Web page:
What is a target letter?

Some federal investigations take years to complete.  They begin with suspicious activity or crimes that are reported, then federal law enforcement agencies get involved, and they typically culminate in a grand jury investigation.  It is quite common in white-collar criminal investigations for citizens to be investigated for months or years and not even know it.   But if the investigation focuses in on you, and the government wants you to come “explain some things” to the grand jury, it is the policy of the Department of Justice to advise you of your rights if you are a “target” or “subject” of a grand jury investigation.  The way they do this is with a “target letter.” 

If you are a “target” of a federal investigation, the government thinks they have “substantial evidence” linking you to a crime, and the prosecutor believes you will likely be indicted.  If you are a ”subject” of a grand jury investigation, your conduct is merely “within the scope” of the grand jury’s investigation.  As a “subject” they probably just want some information from you, but you can never be sure. 

The following is a sample target letter taken straight from the United States Attorney’s Manual:

This letter is supplied to a witness scheduled to appear before the federal Grand Jury in order to provide helpful background information about the Grand Jury. The Grand Jury consists of from sixteen to twenty-three persons from the District of ___. It is their responsibility to inquire into federal crimes which may have been committed in this District. As a Grand Jury witness you will be asked to testify and answer questions, and to produce records and documents. Only the members of the Grand Jury, attorneys for the United States and a stenographer are permitted in the Grand Jury room while you testify. We advise you that the Grand Jury is conducting an investigation of possible violations of federal criminal laws involving, but not necessarily limited to *. You are advised that the destruction or alteration of any document required to be produced before the grand jury constitutes serious violation of federal law, including but not limited to Obstruction of Justice. You are advised that you are a target of the Grand Jury’s investigation. You may refuse to answer any question if a truthful answer to the question would tend to incriminate you. Anything that you do or say may be used against you in a subsequent legal proceeding. If you have retained counsel, who represents you personally, the Grand Jury will permit you a reasonable opportunity to step outside the Grand Jury room and confer with counsel if you desire.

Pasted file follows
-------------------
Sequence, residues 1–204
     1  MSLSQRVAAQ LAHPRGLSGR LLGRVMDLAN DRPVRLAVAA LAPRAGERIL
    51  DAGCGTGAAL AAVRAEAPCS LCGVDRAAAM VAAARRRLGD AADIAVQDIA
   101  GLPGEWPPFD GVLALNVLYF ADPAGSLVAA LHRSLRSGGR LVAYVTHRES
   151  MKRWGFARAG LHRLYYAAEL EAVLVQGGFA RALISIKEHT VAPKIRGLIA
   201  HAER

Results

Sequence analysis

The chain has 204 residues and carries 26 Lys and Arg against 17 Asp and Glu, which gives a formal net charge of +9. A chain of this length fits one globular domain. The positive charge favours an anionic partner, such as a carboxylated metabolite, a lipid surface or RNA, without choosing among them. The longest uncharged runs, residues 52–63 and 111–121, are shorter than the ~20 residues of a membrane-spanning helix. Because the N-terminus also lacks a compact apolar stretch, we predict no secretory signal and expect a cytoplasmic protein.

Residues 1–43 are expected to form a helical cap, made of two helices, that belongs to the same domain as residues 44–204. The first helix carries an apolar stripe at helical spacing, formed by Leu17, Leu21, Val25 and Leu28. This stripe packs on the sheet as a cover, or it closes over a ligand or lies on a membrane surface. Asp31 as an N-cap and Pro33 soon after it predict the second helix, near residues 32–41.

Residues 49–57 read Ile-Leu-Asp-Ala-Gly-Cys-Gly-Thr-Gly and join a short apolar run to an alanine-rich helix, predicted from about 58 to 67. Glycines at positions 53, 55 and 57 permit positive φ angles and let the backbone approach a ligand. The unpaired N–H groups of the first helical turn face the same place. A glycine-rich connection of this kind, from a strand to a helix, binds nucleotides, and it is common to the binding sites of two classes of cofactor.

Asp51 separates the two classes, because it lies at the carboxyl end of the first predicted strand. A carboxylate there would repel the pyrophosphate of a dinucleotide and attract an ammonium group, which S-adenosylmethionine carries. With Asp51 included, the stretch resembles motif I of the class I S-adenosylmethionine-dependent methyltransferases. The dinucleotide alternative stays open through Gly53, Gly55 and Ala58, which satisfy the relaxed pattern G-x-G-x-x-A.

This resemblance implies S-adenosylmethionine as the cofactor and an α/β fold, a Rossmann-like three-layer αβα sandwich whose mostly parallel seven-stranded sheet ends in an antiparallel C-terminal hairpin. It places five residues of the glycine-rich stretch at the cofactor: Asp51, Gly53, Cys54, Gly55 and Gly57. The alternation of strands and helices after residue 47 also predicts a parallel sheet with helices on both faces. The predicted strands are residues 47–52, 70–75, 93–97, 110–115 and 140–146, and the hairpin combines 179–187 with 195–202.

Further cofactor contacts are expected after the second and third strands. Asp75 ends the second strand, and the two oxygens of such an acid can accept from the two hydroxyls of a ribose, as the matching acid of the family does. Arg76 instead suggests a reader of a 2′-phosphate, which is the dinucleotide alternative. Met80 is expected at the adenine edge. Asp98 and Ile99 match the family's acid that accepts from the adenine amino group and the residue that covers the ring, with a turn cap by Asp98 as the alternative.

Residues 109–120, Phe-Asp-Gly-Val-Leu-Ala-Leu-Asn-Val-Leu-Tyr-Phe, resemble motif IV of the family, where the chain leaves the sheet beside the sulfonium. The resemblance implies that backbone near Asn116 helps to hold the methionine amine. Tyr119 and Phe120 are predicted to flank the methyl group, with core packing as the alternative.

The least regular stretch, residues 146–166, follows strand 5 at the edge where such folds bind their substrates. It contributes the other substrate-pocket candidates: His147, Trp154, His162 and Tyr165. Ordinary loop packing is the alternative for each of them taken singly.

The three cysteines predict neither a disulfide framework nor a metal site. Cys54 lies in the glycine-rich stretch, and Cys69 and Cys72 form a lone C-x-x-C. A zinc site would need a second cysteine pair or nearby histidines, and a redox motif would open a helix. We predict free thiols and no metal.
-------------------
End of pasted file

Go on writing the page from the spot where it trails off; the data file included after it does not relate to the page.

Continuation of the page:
Cordially,

The bottom line is this:  If you receive a target letter, you are most likely going to be indicted.  Get your lawyer on it, and just get ready for it.

What to do if you receive a target letter:

If you receive a letter similar to the one above, you need a lawyer immediately.  No question about it.  You need a white-collar defense lawyer; one that is familiar with federal court.   The sooner you retain a competent lawyer during the pre-indictment phase, the better off you will be.  Hopefully your lawyer can guide you through the grand jury process, can negotiate with the U.S. Attorney early-on, and can either get the investigation closed or at least focused on the proper things that will be beneficial to you.

If you receive a target letter give me a call.  At the very least I can tell you what to expect.